Installing a Colorado Norton Works Electric Starter
Back in 2018 we installed an Alton electric starter on editor Hall’s Norton Commando. This time around we’re installing the other easily sourced electric starter kit, from Colorado Norton Works. As you can see from the photo above, this is a comprehensive kit that includes a belt drive conversion in addition to the starter. Like the Alton, this kit requires you to replace the inner chain case. The CNW starter requires you to remove the stock ham can air cleaner, as the starter motor takes up some of that space. Fortunately they also sell the K&N compact air cleaner that does fit with the starter. There’s rumor of a smaller stock looking air cleaner in the works from CNW. We’ll look at that when it comes out. Sometimes belt drives change the primary ratio, but this kit barely changes it, from 2.19 to 2.188. The included instructions are comprehensive, follow them and you’ll do fine. If your battery has a few years on it, replace it, preferably with an AGM battery, the largest that will fit in your battery space. We sourced a DEKA ETX16L from our local battery store.
— Keith Fellenstein
1. Begin by disconnecting the battery. Find the two wires running from the alternator to the wiring harness and unhook them. Disconnect the wires running to the rear brake switch and remove the rear brake pedal. Remove the center bolt from the outer chain case and drain the primary case. Remove the primary cover.
2. Remove the clutch-adjusting nut and clutch rod.
3. Using a clutch spring compressor, tension the spring so you can remove the retaining clip. Remove the clutch pressure plate and clutch plate pack. You can reuse your friction plates if they are not too worn. Ours had worn spline teeth so we purchased new Barnett friction plates.
4. Bend back the lock tabs on the clutch hub nut retainer and remove the clutch hub nut with an impact driver. Remove the alternator rotor nut also. Remove the alternator nuts and place the alternator on top of the chain case while you remove the front sprocket and clutch wheel. Disengage the sprocket and chain wheel from the chain. Take the alternator in one hand and slide the chain over it and off, then hang the alternator off the center stud.
5. Bend back the locking tabs and remove the three bolts holding the primary case to the engine. We’ve placed the alternator back on top of the inner primary while we do this.
6. Pry the old clutch basket retaining clip out of its groove using your pointed tool of choice. You’re not going to reuse this, so there’s no need to be gentle. Once this clip is out and the three bolts holding the case to the engine are removed, place the alternator back in the case and remove all as a unit. If your Norton wet sumps (like mine), be prepared to replace the lowest screw back in the engine to stop the leak, or place a pan under to catch the oil.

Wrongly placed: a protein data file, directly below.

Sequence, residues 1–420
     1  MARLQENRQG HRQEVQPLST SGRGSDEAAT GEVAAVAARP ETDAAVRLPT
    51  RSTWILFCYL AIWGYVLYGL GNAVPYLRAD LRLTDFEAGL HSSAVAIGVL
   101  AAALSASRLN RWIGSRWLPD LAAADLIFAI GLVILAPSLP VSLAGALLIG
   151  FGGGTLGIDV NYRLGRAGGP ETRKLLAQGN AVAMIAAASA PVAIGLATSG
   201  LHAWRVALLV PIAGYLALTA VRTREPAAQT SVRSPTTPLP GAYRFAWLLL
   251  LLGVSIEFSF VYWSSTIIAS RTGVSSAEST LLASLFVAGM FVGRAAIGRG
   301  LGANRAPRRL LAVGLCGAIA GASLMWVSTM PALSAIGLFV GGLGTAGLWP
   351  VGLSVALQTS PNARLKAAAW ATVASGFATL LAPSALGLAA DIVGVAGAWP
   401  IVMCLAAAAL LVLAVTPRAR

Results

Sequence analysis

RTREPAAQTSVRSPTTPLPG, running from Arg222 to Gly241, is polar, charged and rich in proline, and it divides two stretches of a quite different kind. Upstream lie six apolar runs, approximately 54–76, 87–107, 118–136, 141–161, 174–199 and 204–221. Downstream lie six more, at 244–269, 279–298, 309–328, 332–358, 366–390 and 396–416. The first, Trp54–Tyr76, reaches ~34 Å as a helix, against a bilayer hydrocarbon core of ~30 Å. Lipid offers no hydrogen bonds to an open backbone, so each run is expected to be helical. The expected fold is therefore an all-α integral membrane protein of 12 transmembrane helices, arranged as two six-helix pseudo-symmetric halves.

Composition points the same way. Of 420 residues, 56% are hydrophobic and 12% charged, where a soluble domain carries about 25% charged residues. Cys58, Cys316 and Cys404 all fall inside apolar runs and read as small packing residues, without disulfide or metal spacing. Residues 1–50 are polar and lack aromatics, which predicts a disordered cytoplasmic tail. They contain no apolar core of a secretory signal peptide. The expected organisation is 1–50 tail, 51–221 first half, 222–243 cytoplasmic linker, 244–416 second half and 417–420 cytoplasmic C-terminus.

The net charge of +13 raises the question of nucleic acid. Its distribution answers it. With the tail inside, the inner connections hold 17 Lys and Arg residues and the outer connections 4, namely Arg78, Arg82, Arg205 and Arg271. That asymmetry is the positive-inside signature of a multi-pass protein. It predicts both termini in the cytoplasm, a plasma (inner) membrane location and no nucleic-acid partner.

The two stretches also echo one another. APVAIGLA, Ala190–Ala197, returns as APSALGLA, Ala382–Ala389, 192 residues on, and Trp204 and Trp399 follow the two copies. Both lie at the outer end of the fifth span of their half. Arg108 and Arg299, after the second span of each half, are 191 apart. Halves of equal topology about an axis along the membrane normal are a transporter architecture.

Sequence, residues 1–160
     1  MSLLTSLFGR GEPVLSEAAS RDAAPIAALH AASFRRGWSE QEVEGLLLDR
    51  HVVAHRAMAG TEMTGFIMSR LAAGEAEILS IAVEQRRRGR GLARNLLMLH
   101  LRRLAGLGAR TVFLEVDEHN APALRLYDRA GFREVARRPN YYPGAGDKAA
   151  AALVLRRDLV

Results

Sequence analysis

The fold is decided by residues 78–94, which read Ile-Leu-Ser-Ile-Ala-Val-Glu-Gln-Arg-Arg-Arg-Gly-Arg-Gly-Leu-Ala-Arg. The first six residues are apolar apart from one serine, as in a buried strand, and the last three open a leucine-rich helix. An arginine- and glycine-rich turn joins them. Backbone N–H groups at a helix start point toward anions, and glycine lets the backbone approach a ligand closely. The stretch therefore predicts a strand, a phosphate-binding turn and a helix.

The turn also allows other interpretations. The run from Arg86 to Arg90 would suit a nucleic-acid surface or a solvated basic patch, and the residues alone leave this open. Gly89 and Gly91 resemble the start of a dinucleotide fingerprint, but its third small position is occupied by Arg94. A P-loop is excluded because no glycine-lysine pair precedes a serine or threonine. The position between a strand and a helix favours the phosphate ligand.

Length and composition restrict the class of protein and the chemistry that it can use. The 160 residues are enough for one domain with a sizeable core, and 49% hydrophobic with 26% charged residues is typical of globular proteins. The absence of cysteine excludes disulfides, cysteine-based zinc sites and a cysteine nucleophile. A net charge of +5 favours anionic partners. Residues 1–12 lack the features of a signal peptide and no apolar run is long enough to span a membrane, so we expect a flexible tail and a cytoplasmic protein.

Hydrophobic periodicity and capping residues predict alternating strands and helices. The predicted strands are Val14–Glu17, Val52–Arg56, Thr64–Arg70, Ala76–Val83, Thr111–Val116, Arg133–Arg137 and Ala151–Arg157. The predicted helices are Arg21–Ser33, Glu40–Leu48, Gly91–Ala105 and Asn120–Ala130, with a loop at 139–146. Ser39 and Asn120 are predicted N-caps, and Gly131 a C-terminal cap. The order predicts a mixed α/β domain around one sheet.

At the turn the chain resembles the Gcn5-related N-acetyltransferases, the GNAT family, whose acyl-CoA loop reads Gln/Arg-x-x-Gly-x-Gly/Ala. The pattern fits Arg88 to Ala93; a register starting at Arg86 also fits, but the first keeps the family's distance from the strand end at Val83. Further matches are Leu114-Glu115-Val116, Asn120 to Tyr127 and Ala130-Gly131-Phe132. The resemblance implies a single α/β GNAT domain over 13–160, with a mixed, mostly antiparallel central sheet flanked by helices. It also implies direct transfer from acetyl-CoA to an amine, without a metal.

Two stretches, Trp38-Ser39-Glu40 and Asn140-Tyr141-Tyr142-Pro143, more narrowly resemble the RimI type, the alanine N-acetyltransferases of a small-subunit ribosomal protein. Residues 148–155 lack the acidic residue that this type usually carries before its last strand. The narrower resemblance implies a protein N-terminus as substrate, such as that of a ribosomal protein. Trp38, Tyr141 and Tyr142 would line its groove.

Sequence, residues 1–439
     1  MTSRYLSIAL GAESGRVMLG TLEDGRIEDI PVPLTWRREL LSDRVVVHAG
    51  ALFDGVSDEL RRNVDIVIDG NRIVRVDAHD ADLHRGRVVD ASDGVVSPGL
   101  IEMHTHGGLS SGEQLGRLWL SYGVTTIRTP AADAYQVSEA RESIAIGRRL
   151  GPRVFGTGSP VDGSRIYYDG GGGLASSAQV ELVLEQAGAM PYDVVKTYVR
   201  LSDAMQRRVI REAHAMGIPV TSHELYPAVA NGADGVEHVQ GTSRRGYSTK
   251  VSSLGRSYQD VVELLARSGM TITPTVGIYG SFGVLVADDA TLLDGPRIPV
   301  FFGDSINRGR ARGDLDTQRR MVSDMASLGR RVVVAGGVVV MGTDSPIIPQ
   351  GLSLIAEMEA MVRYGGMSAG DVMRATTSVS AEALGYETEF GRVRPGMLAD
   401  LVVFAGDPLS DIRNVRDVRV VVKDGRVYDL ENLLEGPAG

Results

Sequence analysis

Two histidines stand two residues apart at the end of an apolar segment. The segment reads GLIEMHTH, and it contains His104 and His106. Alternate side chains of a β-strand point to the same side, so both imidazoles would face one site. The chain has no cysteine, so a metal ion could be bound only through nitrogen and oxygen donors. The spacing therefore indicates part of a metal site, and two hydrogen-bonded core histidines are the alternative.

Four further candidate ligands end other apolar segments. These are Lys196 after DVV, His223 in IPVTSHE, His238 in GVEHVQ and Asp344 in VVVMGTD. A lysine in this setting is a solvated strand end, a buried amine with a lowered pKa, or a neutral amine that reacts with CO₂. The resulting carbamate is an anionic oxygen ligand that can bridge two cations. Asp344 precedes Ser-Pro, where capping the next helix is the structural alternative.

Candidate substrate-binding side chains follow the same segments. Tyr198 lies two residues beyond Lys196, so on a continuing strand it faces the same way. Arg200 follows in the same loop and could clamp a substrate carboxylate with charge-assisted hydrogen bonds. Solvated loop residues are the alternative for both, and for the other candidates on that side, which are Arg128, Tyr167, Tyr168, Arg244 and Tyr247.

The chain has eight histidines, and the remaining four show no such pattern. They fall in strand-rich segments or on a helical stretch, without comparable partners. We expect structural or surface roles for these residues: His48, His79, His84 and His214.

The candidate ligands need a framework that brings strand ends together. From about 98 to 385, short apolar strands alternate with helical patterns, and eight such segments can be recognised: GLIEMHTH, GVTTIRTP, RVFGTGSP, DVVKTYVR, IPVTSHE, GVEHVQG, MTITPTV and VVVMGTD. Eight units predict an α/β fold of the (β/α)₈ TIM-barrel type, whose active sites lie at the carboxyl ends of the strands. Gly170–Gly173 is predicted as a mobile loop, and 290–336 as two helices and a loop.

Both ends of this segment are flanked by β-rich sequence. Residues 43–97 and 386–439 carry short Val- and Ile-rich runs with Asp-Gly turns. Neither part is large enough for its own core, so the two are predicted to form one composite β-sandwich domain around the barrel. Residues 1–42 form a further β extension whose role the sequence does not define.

7. Here’s the machine minus the primary case. Inspect the primary sprocket and replace it if it shows signs of wear. You might also want to go up or down a tooth to change bike performance. The swing arm is off of this bike for bushing and pin replacement. I think the British say “In for a penny, in for a pound” or in this case many Pounds. The result should be a better handling bike.
8. Back to the current task. As mentioned, the ham can has to be removed. Once that is out of the way, you have easier access to the breather stub off the back of the timing case. Unscrew it. CNW has provided a slightly shorter one that won’t foul the starter motor. Replace the stock pipe with the supplied shorter pipe.
9. Place the new inner chaincase in place, along with the new gasket. Install and finger tighten at least two of the supplied screws that hold the case in place. This is so you can measure the gap between the cover stud and the back of the chaincase. You’ll fill the gap with a combination of the supplied shims.
10. I used a mirror to see up under the case to show the gap, and then used feeler gauges to measure that gap. I also used a zip tie to hold the feeler gauges together to get the correct measurement.
11. Once you have the correct measurement, select shims to fill that void. You can then attach the inner case and bolt it into place. I like to seal the threads on the bolts with a little (very little) RTV silicone. Tighten down the bolts and bend over the tabs on the locking plates.
12. Carefully spread the new clutch circlip and push it into place on the mainshaft of the gearbox. The supplied circlip is designed to be used with snap ring pliers so you can spread it just enough to get it started on the mainshaft. It will click into place when home in the slot cut for it. Next you can place the backing washer over the circlip.
13. Remove the blue painter’s tape covering the bearing. Take the intermediate gear assembly and determine which end fits that bearing and press it into place in the inner case. Carefully remove the washer and gear from the shaft end projecting out from the case. Take note of the orientation of the thrust washer on the end of the shaft. Later when you assemble it back to the shaft you will need to be sure the shoulder of the washer is facing you.
14. Assemble the clutch basket over the mainshaft splines and push it home against the retaining washer. Spin it by hand listening for any contact between the basket and the inner chaincase. If there is interference, you will need to add shims until there isn’t.